As you know, from a Christian point of view, one of the most precious opportunities we have to get in touch and keep in touch with the heart of life is when we gather for worship. That prayer and praise, that Word and sacrament, that song and celebration helps remind us of who we really are, and whose mission we are really on. Like lifeblood in the great circulatory system of creation, we are drawn into that great heart, and then sent out again to serve. At its best, worship restores and renews us. It stretches and encourages us. It orients us as a Christian community.
And so I’m writing with a warm invitation for you to join us for worship this semester, each and every Wednesday at 11:30am in Sweeney Chapel. I know (all too well!) that there are many demands on all of our schedules – and for that very reason, we need to come together in worship, reminding one another about why we do the work we do in the first place, and inspiring one another to live and serve with both excellence and grace.
If you already attend chapel regularly – thank you (and do invite a friend!). And if you come only occasionally, consider committing to come every week. We need you there. Perhaps more than anything else, CTS needs to become a vibrant, connected, inspired community, and worship is one crucial way Christian communities grow and thrive.
Last week was Convocation, and tomorrow is the first regular chapel service of the year. Come, taste, and see. If you are a singer (and I know you are!), come sing with the fabulous CTS Pick-Up Choir: we rehearse at 11am, learn the song right then and there, and then sing it in worship that day. What could be better? If you love Scripture, the passage tomorrow that our preacher (yours truly) will be tackling (or is it the other way around?) is from the Gospel of Mark: Jesus’ famous question, “Who do you say that I am?” And during lunch, we’ll continue the conversation: I’ll host a table in the cafeteria at which we’ll discuss the critical question: “How do we understand Jesus today?” All are welcome!
And finally, if you want to share your gifts and get involved in CTS worship this year, please know you are more than welcome to do so. This fall, Professor Tércio Junker is convening a Community Worship Group of students, staff, and worship practitioners, and they will be keenly interested in your “dreams and visions” for the future CTS worship.
Come one, come all! Pick-up Choir at 11am (try it!); worship at 11:30am; and Christological conversation at 12:30pm in the cafeteria!
Looking forward to seeing you there.
(Indianapolis, IN) – Christian Theological Seminary announced today that Rev. Dr. Matthew Myer Boulton has been named the seminary’s sixth president. The CTS Board of Trustees voted to elect Boulton following a nearly year-long, national search. An ordained Christian Church (Disciples of Christ) minister, Boulton earned a Ph.D. in theology from the University of Chicago (2003) and a M.Div. from Harvard Divinity School (1998).
Boulton is relocating to Indianapolis from Cambridge, Massachusetts where he has served as Associate Professor of Ministry Studies at Harvard Divinity School (HDS) since 2007. He has taught a broad range of courses on Christian theology, preaching, and history, including courses that put social justice work in theological perspective. His teaching and research have explored the ways in which Christian life is shaped through worship and music.
CTS Chairman Mark Mutz commented that Boulton understands that the most important work in theology does not occur in the insulated towers of academia, but where faith meets the joys and sorrows of living. “If you look back at those who have made the most significant contributions to theology – people like St. Augustine, John Calvin and Karl Barth – you will see that they were all pastors who spent a great deal of time with men and women confronting the most difficult and rewarding issues of their lives, issues like children, marriage and death. Their thinking arose where their faith met these realities. Matt gets that. He has not only written respected academic works, he has also made films, founded a church and started a band. He has the intellect, creativity and entrepreneurial spirit to lead CTS and theological education in exciting directions,” Mutz said.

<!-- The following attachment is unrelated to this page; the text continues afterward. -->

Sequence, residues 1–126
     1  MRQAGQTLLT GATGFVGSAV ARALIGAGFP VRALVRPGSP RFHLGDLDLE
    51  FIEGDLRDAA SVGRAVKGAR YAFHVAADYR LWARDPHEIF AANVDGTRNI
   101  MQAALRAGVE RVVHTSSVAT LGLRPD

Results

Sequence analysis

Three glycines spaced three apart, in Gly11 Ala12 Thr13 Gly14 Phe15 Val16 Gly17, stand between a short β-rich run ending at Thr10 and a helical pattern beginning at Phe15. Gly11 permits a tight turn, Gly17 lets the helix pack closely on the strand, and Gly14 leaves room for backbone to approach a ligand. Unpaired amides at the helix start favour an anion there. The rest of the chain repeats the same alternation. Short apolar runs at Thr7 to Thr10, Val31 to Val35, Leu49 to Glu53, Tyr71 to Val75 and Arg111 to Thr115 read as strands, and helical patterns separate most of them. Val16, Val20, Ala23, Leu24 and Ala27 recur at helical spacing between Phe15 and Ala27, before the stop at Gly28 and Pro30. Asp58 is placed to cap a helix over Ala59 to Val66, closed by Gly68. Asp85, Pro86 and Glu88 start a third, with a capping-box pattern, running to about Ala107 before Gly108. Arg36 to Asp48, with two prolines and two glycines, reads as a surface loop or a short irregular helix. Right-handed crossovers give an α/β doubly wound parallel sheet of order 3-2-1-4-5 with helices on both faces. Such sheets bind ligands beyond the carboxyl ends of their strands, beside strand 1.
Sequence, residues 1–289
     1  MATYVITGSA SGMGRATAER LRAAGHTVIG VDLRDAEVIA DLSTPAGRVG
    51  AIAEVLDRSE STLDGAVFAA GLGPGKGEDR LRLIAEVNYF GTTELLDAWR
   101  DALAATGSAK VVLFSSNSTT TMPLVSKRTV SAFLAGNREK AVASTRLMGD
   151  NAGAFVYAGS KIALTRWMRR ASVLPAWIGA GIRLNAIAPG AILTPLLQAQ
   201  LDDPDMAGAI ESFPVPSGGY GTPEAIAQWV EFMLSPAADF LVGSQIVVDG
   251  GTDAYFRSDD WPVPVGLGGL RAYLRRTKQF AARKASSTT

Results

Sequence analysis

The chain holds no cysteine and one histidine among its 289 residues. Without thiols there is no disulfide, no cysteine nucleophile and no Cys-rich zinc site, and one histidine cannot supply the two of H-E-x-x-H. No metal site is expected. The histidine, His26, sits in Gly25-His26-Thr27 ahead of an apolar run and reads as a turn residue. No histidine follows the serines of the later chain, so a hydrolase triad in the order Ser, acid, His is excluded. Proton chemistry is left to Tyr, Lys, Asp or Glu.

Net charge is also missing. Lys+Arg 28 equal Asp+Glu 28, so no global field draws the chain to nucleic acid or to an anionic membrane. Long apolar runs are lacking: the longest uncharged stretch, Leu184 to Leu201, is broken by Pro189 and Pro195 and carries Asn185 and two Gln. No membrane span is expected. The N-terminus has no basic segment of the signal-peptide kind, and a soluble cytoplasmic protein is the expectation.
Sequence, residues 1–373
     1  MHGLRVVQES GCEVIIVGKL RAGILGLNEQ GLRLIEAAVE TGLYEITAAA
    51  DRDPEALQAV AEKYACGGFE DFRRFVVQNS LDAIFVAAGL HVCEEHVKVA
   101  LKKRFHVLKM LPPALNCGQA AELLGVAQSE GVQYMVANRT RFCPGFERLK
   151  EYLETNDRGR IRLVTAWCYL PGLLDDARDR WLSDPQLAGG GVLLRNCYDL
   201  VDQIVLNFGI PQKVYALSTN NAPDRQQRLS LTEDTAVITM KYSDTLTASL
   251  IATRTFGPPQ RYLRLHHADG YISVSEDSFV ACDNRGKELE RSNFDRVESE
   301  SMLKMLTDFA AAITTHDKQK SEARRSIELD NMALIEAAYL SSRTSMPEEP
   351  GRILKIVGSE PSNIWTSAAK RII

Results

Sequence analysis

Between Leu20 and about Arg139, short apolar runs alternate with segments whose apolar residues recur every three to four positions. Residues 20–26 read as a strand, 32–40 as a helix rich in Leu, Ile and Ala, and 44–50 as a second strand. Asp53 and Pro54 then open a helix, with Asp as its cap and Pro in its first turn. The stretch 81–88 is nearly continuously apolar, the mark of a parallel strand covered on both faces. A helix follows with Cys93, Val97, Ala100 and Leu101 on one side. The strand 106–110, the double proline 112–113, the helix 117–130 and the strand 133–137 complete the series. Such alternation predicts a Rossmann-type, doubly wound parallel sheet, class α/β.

An accomplished musician and songwriter, Boulton co-founded the bluegrass gospel band, Butterflyfish. He notes that the arts can provide effective means for conveying theological concepts. “Just as scholarly writing can explain and explore the big ideas of Christian faith, a song or work of art can bring clarity and insight to those very ideas, making them easier to engage and understand,” Boulton stated.
Boulton is no stranger to the Midwest. The son of a religion professor, he grew up in southwest Michigan and earned a degree in film and history from Northwestern University in Evanston, Illinois, before an interest in anthropology, ritual studies and theology prompted him to enroll in Harvard Divinity School.
Prior to his teaching at HDS, Boulton served as Assistant Professor of Worship and Preaching at Andover Newton Theological School. He is the author of God Against Religion: Rethinking Christian Theology through Worship and the forthcoming Life in God: John Calvin, Practical Formation, and the Future of Protestant Theology, due out this fall. His essays have been published in a broad range of scholarly journals, and he is a sought-after speaker, preacher, and workshop leader.
Boulton said he was intrigued by CTS’s legacy of exploring faith in ways that engage both intellectual rigor and passionate inspiration. “We strengthen and deepen our faith by asking critical, adventurous questions while at the same time leaning into what most inspires us. I look forward to working with CTS’s accomplished faculty and staff to continue asking these questions in fresh, exciting, faithful ways,” he said.